When two of Boeing’s new 737 MAX passenger jets crashed within five months of each other in late 2018 and early 2019, killing a total of 346 people in Ethiopia and Indonesia, the company faced the worst crisis in its 100-year history. According to reports, an automated flight-control system had sent the airplanes into nosedives. The entire MAX fleet was grounded for 20 months.
After Boeing made changes in design, software and crew training, the Federal Aviation Administration cleared the 737 MAX to resume flights in December. According to the Associated Press, American Airlines will be the first carrier to put passengers on Max jets beginning on Dec. 29 with once-a-day service between Miami and New York.
Gordon Johndroe, vice president of global media relations and public affairs for the Chicago-based aircraft manufacturer, spoke to members of PRSA’s Corporate Communications Section in the Nov. 5 webinar “Crisis Management on an International Stage: Takeaways from Boeing’s Biggest Crisis and Time Spent in the West Wing.”
In this edited transcript, he shares in his own words what the 737 MAX experience has taught him about crisis management:
On crisis communications plans:
We have plans that allow us to act in a 24/48/72-hour situation. With the MAX, the playbook ran out after a few days, and we were in unprecedented territory. We need to plan for beyond 72 hours. You need a cadre of people within your organization who have media relations as a backup skill set… so the core team can catch their breath.
On working with senior management and the legal team:
We had a good team. Everyone was working nonstop under obviously difficult circumstances. Information was absolutely vital.
Stay as close as you can to [senior managers] and get as much information as you can. Paint a picture for senior management of what you’re seeing and hearing. [The media] may know something before you and your team know it. You have to bring that information up to senior management.
As for the legal team, that’s always a push and pull, whether you’re managing a crisis or an everyday issue. Establish a good working relationship with your legal team. There will be some days when your position prevails, some days when their position prevails, and some days when there’s a compromise, which [is] a good place to be.
On rebuilding Boeing’s reputation:
I don’t want to talk too much about it until the MAX is safely flying again. And that doesn’t mean just one flight. We have months ahead of us of returning the fleet we have stored — about 450 aircraft — to their customers. And we’re going to do about half of that in 2021, and probably the remainder in 2022. The airlines themselves have to return their fleets to service.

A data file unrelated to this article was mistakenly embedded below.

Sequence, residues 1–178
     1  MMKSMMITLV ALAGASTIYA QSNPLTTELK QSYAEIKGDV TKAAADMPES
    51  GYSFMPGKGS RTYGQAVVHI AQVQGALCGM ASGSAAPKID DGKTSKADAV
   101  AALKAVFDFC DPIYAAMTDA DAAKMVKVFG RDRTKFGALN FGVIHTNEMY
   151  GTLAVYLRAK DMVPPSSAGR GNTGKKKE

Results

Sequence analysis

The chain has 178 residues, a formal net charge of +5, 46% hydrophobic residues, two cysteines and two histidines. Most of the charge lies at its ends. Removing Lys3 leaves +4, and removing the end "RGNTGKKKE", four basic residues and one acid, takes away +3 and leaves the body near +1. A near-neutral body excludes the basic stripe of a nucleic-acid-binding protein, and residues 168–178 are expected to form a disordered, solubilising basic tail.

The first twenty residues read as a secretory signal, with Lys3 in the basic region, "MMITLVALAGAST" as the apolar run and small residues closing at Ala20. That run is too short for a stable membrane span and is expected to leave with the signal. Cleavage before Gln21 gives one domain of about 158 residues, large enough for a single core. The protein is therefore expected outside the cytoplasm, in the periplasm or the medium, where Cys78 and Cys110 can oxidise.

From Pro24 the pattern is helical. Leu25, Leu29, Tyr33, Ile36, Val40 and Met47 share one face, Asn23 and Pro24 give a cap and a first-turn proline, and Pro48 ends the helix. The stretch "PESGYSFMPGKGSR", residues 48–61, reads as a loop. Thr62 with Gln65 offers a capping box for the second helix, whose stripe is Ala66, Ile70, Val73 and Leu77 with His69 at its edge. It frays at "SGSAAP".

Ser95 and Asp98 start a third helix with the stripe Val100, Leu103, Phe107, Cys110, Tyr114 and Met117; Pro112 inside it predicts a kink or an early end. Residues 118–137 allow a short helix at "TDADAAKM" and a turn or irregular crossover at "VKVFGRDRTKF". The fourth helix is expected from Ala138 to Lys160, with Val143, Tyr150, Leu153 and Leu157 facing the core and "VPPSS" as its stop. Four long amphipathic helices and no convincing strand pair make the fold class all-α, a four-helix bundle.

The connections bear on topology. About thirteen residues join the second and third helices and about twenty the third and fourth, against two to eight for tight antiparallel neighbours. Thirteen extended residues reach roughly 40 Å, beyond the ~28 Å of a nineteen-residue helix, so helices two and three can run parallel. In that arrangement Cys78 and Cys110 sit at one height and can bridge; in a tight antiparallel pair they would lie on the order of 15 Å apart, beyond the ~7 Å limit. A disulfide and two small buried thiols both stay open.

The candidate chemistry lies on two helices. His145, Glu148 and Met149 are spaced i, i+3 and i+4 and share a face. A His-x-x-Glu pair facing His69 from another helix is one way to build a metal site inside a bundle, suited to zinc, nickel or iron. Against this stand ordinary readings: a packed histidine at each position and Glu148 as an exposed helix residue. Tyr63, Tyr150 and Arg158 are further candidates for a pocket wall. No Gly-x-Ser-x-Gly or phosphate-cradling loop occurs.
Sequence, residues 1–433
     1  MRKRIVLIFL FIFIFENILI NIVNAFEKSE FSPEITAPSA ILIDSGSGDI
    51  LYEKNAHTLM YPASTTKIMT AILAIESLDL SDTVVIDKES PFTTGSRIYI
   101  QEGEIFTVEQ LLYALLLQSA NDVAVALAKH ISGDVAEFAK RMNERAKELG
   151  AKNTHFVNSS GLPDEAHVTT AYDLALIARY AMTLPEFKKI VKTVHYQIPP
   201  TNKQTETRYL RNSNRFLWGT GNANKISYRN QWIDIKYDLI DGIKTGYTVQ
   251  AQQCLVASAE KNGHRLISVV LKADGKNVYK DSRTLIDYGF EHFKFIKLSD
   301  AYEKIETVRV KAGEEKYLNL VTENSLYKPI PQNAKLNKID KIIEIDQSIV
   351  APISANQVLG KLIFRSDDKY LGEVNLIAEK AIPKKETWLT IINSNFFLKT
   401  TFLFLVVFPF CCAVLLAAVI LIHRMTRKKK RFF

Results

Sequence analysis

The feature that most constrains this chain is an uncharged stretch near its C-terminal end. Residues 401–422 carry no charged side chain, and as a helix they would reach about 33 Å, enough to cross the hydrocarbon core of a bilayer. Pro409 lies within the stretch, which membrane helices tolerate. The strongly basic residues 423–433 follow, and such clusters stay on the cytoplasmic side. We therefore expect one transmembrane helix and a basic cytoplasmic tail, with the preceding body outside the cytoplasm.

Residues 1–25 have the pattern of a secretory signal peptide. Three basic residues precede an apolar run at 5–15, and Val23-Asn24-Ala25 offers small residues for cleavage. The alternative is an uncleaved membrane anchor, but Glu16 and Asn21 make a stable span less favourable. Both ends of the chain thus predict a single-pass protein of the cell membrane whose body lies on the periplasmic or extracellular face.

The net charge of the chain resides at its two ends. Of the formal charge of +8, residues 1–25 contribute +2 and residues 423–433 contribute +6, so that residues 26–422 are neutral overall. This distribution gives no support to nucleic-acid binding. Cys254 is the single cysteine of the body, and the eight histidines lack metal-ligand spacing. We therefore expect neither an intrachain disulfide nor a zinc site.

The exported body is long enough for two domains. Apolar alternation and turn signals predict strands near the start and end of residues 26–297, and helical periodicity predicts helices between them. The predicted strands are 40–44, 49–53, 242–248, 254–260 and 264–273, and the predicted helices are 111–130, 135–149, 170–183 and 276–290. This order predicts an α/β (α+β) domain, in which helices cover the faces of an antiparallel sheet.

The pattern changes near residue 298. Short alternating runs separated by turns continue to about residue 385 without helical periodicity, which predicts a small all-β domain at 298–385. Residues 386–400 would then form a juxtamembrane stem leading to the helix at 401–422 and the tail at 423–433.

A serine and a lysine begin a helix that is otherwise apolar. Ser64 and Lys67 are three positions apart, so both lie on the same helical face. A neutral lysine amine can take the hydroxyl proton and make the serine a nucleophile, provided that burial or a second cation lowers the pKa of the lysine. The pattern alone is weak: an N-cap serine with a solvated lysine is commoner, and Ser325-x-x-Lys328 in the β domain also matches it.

Our main focus now is the safe return to service of the whole fleet. And frankly, that will speak more than any reputational campaign we can undertake. If people see that the plane is safely flying again, that is the substance that will drive the return — the revitalization of the Boeing name.
On communicating with employees during the crisis:
We want to communicate to employees first, before communicating to the outside world. [But doing so was] almost impossible in the early days and months of the situation with the 737 MAX, [with] news organizations breaking news. We were playing catchup. We’d do an employee-news note after a story had run, which most [employees] had probably already read in a newspaper or seen online or on television.
On working with victims’ families:
This is tough and very emotional. In July 2019, we set up a $100 million fund, with $50 million for direct payments to families. Another $50 million was set aside for investments in their communities. [The fund] was separate from any lawsuits that may have already been settled or are ongoing.
Our government-relations team took the lead in reaching out to the families, traveling to Ethiopia to see what we could do to assist there. We tried to stay in touch with them. It’s a difficult and complicated relationship. We tried to learn everything we could about who we were meeting with, who they are as people and the loved ones they had lost — in some cases, several family members. And [we tried] to figure out what we can do as a company to assist them through their grief.
On employees speaking to the press as the MAX crisis unfolded:
If an employee goes public with information and is claiming to be a whistleblower, our response is that we have a number of avenues [they can use to] raise issues internally in the company, and we certainly prefer people do that first. As I mentioned earlier, safety is our No. 1 priority.
But people talking about regulators in an unflattering way or talking about airline customers in an unflattering way — that’s just not tolerated. Hopefully, we’re in the midst of a culture shift that stamps that sort of attitude out. It certainly doesn’t reflect a majority of the 100,000-plus employees at the company.
On performing the job of press secretary:
When you’re a spokesperson, your No. 1 job is to advocate for the company you’re working for. Not far behind that, your job is to advocate for the media, to be someone who [responds to a reporter’s request by saying,] “OK, I will try and get you as much information as I can. I’ll try to get you an interview with somebody if I can.”
You want to be the eyes and ears for the media inside the building. What information can you get to the press that helps them do their job?
On the biggest lesson he has learned about crisis communications:
The most important thing in crisis communications is to keep calm. Explain the situation to people internally, gather the facts, and try to get your information out as quickly and as accurately as you possibly can.
Greg Beaubien is a frequent contributor to PRSA publications.
[Photo credit: marco menezes/shutterstock]